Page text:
International trade is usually seen as a positive factor contributing to the growth of developing countries. However, it can also lead to serious imbalances and increased public debt.
What is the offset mechanism?
Offsets are large-scale operations that take place when a foreign company contracts for a significant amount, generally in excess of one million dollar, with a public authority.
The seller is subject to a binding obligation to compensate a percentage of the original contract amount by creating local added value in the buyer country.
This value can be created in a way that is either directly linked to the original contract, for example, through relocating production facilities or transferring technology to the buyer country, or indirectly, through investing in assets or trading commodities separate from the original contract.
What are the benefits for exporters?
Offsets are a tool available to large public or private companies to facilitate export to developing countries by contributing to their local development. As a result, and depending on the nature of this local development, offsets may also contribute both to the sustainable development strategy (CSR/ESG) of the exporting companies, and to climate change mitigation.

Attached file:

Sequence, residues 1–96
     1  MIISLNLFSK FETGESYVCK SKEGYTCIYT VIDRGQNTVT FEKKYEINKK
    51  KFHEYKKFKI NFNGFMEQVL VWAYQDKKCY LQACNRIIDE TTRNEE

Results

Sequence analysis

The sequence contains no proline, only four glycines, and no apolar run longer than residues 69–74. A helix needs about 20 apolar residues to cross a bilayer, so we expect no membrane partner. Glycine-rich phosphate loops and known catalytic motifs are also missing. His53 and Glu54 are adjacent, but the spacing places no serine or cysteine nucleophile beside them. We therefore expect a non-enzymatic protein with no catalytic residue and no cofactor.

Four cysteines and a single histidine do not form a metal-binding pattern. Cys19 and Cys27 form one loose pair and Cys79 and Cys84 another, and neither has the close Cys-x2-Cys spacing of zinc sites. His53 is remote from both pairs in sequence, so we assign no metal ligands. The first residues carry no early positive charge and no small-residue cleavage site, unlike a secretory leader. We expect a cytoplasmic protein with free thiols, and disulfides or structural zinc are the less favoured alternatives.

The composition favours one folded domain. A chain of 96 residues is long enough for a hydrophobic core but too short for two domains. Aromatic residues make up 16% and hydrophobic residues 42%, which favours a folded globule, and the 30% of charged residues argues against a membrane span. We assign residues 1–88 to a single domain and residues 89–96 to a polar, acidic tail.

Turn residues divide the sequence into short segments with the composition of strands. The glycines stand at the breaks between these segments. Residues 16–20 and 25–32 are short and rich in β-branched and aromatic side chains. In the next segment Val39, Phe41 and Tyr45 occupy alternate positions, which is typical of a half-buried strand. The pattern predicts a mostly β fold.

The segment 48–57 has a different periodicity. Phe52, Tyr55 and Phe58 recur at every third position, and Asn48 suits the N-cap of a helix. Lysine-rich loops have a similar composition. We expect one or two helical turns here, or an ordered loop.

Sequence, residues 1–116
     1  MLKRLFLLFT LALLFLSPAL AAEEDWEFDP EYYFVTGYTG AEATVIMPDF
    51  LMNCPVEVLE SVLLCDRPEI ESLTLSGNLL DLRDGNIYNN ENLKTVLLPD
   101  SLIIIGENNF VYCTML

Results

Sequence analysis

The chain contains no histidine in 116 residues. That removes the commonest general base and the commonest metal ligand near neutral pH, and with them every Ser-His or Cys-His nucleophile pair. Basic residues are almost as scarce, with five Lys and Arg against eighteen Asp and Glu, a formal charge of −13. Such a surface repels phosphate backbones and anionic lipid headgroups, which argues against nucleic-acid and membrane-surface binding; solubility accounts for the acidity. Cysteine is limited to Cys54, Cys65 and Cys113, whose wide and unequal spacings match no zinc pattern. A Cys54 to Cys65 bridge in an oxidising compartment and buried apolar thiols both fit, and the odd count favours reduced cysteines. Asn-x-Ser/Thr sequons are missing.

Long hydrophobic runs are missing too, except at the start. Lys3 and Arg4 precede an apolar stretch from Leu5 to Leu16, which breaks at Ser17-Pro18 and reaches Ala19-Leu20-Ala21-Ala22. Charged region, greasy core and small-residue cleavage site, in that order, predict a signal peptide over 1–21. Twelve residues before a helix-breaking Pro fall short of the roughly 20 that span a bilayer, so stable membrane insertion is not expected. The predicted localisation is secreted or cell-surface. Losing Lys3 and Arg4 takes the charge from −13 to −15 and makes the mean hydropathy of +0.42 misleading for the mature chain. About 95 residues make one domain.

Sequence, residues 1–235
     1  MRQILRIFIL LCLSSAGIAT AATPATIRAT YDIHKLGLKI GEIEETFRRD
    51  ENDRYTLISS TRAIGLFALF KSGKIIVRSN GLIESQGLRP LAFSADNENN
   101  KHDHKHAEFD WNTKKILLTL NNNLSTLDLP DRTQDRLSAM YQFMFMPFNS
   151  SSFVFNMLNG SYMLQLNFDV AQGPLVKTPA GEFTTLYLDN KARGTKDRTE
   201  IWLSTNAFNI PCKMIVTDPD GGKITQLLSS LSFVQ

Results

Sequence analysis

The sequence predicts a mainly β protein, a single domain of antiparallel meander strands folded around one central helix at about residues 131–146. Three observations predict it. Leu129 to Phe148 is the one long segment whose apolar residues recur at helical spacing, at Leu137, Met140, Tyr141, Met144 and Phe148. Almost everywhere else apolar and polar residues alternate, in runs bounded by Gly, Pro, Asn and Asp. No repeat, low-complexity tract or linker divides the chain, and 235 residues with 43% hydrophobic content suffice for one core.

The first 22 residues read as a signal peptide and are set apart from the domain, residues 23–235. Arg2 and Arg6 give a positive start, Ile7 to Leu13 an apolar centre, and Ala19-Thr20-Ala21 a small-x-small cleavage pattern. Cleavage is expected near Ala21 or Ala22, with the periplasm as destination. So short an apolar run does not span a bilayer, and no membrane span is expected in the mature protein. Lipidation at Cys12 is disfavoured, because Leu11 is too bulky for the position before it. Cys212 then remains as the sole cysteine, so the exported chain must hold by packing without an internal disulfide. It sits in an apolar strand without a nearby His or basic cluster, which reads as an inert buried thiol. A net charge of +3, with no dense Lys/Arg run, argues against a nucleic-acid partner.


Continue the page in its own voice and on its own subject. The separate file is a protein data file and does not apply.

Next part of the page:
What are the benefits for importing countries?
Through the offset mechanism, a developing country can enhance its import efforts and international openness, and support sustainable development with high economic, social and environmental impact projects. This is of particular interest for nations with a trade deficit, through:
– limiting the outflow of foreign currency
– improving the trade balance
– promoting the export of domestic products, particularly for products with low competitiveness and access to international markets at a lower cost (indirect offset obligations)
Do offsets help prevent corruption?
Compared to other forms of international trade, offsets offer the additional benefit of preventing corruption. Because the local development project is directly funded and implemented by the foreign company without any money transfer to the national authority, it limits the risks of fraudulent commissions or misappropriation.
Are offsets widely used?
Many countries have implemented industrial compensation policies to promote the development of their economies. The amount of commitment generally represents a percentage of the amount of the public contract signed (between 30 and 100%) and contributes to the development of the country’s economic activity. Although the first contract including offsets dates back to the 1960s, the process has only developed rapidly in international trade since the 1990s.
Initially, offsets were used by large industrial groups in the defence, energy, transport and telecommunications sectors and by countries that did not have sufficient human or financial resources to build a local industry or provide cutting-edge research and federated state services for its citizens.
Today, offsets are used by more than 150 countries in one form or another, for an annual value ranging between USD 50 and 150 billion. By comparison, in 2017, the aid distributed by the 30 members of the OECD’s Development Assistance Committee (DAC), which brings together the world’s major donors, amounted to USD 144.16 billion.